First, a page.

What is Metolachlor?

Metolachlor or S-metolachlor is a selective and systemic herbicide which control weeds by inhibiting the synthesis of long chain fatty acids. Metolachlor is one of the widely used herbicides on corn in Minnesota, and is also labeled for use on soybeans, potatoes, sugar beets, sunflowers, and tomatoes. It has been frequently detected in both surface water and groundwater in Minnesota. 

In 2016, it was applied to 21% of Minnesota corn acres, making it the fifth-most-used corn herbicide in the state in terms of acres covered, according to the most recent National Agricultural Statistics Service pesticide use survey.


Pesticide Type Herbicide (Group 15)
Chemical Class Chloroacetamide herbicide
Common Trade Names* Acuron, Brawl, Dual II Magnum,
Matador, Prefix and Sequence
Registration Status EPA: Registered since 1976
MN: Registered
Structure Chemical structure diagram of metolachlor

*No endorsement is implied in the referencing of trade names.

General Information

Metolachlor controls weeds by inhibiting growth of seedling shoots. It proves effective on weeds when applied before germination; hence, it is typically applied before or immediately after planting of the crop. Application timing relative to the crop includes preplant, preplant incorporated, preemergence, and postemergence. Metolachlor provides preemergence control of many annual grasses and a number of small seeded broadleaf weeds. Its control of perennial weeds is limited to yellow nutsedge (Weed Control Guide, Ohio State University Extension, 2018 -  PDF). It is used in combination with other preemergence and postemergence herbicides to broaden the spectrum of weed control. Glyphosate and atrazine are the common herbicides used in combination with metolachlor.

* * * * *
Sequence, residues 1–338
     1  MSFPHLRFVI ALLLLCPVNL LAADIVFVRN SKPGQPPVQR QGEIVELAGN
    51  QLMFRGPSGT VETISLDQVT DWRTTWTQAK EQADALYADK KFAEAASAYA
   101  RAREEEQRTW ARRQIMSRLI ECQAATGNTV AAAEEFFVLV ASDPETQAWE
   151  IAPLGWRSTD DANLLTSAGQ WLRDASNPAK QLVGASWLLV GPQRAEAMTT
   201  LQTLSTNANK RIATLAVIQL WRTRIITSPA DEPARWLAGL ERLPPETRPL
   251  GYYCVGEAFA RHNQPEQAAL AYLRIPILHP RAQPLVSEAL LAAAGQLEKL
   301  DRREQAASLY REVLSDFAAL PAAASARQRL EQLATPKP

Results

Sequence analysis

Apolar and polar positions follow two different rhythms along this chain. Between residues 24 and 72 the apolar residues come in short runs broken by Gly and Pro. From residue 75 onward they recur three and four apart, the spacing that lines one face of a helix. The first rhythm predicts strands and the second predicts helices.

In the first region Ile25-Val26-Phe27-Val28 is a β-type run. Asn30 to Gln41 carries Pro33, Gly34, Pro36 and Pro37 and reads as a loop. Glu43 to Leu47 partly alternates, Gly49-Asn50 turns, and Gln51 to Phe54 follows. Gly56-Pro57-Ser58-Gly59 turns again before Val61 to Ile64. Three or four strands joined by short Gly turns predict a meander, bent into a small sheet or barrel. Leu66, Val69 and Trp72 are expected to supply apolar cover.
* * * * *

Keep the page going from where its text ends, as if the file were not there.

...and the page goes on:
Other preemergence corn herbicides which provide weed control similar to metolachlor include dimethenamid-P (Outlook, Slider), acetochlor (Harness, Warrant), pyroxasulfone (Zidua), pendimethalin (Prowl)*, and many others. (Trials comparing herbicide systems for weed control in field corn, University of Minnesota).

When metolachlor is manufactured, two forms (or isomers) are produced, S-metolachlor and R-metolachlor. S-metolachlor has greater herbicidal activity. Products differ in their content of these two forms of metolachlor.

Metolachlor is in the chloroacetamide herbicide family which also includes the herbicides alachlor, dimethenamid, and acetochlor. It is also known as a long-chain fatty acid inhibitor (Herbicide Classification Poster, Mode of Action, January 2017 - PDF). Metolachlor has been frequently detected in surface water and groundwater.

*No endorsement is implied in the referencing of trade names.

The following links explain the importance of metolachlor in Minnesota agriculture, its impact on Minnesota's environment, and steps being taken by the MDA to minimize the presence of metolachlor in water.